To date, the SEA CHF has amassed over RM560,000, through donations, fund-raising activities and the sale of premium products.

“What we have left of the fund, which amounts to around US$60,000 (RM226,698) is being divided into two parts,” the urbane, bespectacled doctor explains in his precisely measured voice.

“The first part is to train more medical personnel, especially surgeons. We hope to set up a fellowship or a scholarship to send people abroad for study. And the second part is for treatment directly, to help save children.”

Last year, Nu Skin helped to set up a new Children’s Intensive Care Unit at the Rajavithi Hospital, to deal with the large backlog of cases. It’s there that Ray and Jackie are currently housed, and it’s there that they receive a visit from a contingent of Nu Skin representatives, assembled from throughout the region to inspect the progress of their charity efforts.Direct-selling usually attracts a certain sort of personality — communicative, motivated, enthusiastic and outgoing — so the children are slightly overwhelmed, surrounded by well-wishers bearing shocking pink SEA CHF T-shirts and flashing cameras.

Ray appears unable to decide whether she approves or disapproves, while Jackie remains impassive.Even though so much more needs to be done within Thailand itself, Dr Pirapat believes that with enough aid of the sort that he’s been receiving from Nu Skin and the SEA CHF, the influence of the PCSF can spread further. So far, it has only aided one child from the rest of the region, a Filipina.“This region of the world is in great need of a children’s heart centre.

In Cambodia, Laos and Myanmar they have no real medical infrastructure, and there isn’t a congenital heart disease centre in Vietnam. So this would be our long-term project.It might seem like quite a big one, but the money that’s required to set up a centre shouldn’t be more than US$5 million, and then we’d only need money for treatment.” And Thailand is one of the best places in the region for such treatment.

Surgery is cheap — a corrective procedure that costs US$30,000 in an American hospital would only cost US$7,000 in Bangkok, where medical facilities are more than up to the task.In terms of the infrastructure-to-cost ratio, it’s the best place to send children from throughout the region.The obstacles ahead are more than just financial, though; there is still the need to create awareness about the problem and its solutions.

When Jackie’s irregular heartbeat was first detected he was only two months old, his parents Montha and Samphong Phansri decided not to send him for an operation, because they believed that the procedure would threaten his life.Even after he’d grown to what they believed was a safe age, his mother Montha insisted on researching the recovery rate of other children who had undergone the same procedure.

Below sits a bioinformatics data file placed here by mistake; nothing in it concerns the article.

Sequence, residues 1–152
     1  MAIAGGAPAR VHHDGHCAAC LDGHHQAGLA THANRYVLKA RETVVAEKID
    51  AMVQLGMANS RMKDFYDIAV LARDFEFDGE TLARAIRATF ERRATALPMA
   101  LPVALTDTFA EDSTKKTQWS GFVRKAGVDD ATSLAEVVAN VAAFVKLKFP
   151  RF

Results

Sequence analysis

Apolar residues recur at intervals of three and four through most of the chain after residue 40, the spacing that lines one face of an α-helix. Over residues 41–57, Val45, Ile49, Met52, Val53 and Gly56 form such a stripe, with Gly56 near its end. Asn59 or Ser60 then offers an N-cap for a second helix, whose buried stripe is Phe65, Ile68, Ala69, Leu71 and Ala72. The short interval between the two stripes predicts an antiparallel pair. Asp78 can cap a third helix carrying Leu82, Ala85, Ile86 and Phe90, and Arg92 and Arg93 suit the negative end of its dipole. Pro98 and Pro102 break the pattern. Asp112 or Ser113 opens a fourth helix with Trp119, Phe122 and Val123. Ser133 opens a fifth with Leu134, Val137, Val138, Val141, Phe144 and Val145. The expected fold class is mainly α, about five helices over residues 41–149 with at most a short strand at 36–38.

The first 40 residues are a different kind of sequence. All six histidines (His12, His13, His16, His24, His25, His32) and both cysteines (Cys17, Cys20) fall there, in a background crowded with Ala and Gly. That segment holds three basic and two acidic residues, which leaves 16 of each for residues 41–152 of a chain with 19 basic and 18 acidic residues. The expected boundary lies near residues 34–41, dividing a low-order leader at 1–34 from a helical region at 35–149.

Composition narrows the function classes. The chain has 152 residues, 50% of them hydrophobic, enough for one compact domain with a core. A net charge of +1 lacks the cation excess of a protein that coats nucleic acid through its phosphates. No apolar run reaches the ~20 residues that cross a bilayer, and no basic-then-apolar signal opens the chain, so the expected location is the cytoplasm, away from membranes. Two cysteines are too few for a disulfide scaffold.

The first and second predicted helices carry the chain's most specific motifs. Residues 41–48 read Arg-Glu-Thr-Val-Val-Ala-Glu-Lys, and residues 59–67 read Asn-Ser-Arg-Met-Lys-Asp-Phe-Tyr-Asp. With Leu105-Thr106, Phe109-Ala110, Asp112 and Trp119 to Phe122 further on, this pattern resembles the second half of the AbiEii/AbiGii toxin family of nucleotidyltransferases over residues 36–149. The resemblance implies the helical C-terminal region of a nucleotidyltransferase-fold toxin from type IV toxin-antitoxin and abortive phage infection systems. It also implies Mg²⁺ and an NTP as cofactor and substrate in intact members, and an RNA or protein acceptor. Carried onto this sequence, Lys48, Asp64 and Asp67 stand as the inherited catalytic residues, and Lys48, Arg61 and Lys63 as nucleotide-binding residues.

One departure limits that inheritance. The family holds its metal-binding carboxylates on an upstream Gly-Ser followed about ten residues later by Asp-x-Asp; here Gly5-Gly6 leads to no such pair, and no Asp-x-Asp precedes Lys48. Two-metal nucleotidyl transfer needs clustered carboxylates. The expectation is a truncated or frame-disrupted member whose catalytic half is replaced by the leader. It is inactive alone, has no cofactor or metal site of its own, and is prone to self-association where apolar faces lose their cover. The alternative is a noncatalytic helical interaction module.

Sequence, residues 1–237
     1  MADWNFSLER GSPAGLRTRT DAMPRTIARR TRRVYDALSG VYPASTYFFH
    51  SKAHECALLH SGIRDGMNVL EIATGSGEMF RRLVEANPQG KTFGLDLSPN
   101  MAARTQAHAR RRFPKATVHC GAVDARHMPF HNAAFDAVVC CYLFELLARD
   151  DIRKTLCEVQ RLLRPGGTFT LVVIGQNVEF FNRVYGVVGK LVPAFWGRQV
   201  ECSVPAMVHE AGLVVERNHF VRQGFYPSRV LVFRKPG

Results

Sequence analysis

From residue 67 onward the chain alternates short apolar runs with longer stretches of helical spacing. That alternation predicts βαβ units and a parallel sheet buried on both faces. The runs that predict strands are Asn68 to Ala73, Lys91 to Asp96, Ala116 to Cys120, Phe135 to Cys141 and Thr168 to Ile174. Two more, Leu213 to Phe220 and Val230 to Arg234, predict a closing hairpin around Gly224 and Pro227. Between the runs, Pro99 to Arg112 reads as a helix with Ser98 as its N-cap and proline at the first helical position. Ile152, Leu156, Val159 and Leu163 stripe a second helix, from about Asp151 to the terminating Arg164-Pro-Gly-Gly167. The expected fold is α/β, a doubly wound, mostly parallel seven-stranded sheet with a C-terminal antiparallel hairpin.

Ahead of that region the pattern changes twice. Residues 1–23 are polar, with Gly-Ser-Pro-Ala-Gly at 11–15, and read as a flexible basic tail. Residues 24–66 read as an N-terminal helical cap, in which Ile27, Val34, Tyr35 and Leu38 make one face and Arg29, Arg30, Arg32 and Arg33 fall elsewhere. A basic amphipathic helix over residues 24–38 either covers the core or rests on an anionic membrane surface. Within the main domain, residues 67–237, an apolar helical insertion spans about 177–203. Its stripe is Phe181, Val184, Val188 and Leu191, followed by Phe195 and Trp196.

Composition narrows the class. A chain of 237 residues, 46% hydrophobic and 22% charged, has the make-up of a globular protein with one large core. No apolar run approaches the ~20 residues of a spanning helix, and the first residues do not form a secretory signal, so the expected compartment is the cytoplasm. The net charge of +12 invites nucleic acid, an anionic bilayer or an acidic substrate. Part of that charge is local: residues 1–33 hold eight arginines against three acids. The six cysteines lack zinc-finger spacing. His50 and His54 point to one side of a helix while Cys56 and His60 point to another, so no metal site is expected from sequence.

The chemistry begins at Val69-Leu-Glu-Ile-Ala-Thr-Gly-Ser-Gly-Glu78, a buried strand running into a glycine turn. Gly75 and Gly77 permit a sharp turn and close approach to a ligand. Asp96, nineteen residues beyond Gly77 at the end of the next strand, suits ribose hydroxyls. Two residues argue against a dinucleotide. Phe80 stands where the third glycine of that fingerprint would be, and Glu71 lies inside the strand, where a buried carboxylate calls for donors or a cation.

Only then would they submit their son.The delay has caused Jackie to develop pulmonary hypertension, worsening his already fragile state and necessitating a prolonged post-op observation period at the children’s ICU.Ray, on the other hand, is likely to be discharged soon, and happiness is written on her parents’ genial faces. Before this, their daughter could only walk a few steps before collapsing from exhaustion.Such relief is still rare, though, among the parents of the 50,000 children born with heart disease each year in South-East Asia.

Nu Skin is already hoping to make the SEA CHF live up to its name by sending needy children from throughout the region to Bangkok for care. Nu Skin Malaysia is appealing for cases to be sent to them for consideration, by telephoning Lee Lim Bee Yoke of Nu Skin funds at 03-21707700. Those wishing to learn more about the PCSF can visit their website at

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Saturday, December 03, 2005

Google Talk

Ambreso: "'There are a lot of exciting things in store for Google Talk in the coming months and we thought the best way to tell you about them was to create a blog. We'll keep you posted on new features, happenings in the community, and progress towards our goal of enabling customer choice in Internet communications through open standards and interoperability."

To read the entire announcement go to Ambreso.
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Congratulations Chris

Google Alert for: "Nourish the Children"

Join forces to provide VitaMeal specialised food to Nourish The ...
Nourish the Children has now passed the 35 MILLION VITAMEALS DONATED POINT!
Thank You! Now you can donate as little as $5 US in order to help the Nourish ...


This once a day Google Alert is brought to you by Google.

Chris J. has taken the Fundable ( information I gave everyone last Friday (and published on the Ambreso blog), and done something with it. Today I got a Google alert advising me to check out his Fundable site. Imagine that, in one week he has managed to get Google to send his fundraising message out around the globe. He has even received a contribution for half of the amount requested. Folks, web2.0 strategies really do work, but only if you are working too. Everyone had an equal opportunity with Fundable. Action makes the difference.

Is saving a life important enough (to you) to spend 10 minutes learning how to use a few of the simple tools we have developed/discovered? There are real living breathing children that you can save from debilitating malnutrition and starvation -if you will only lend a little time and effort to helping with the work at hand. It is up to you, of course.


PS By adding comments to our blog Chris has also managed to achieve a number one spot on a Google results page.